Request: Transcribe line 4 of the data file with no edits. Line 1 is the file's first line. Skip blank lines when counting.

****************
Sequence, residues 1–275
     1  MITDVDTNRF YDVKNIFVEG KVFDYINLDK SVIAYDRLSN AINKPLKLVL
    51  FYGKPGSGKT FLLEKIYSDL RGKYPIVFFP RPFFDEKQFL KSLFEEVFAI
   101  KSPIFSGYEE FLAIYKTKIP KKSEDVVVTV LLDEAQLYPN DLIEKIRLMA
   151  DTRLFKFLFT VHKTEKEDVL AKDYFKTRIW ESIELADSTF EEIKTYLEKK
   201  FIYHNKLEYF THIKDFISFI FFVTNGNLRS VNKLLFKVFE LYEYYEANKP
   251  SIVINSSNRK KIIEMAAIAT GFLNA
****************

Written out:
   101  KSPIFSGYEE FLAIYKTKIP KKSEDVVVTV LLDEAQLYPN DLIEKIRLMA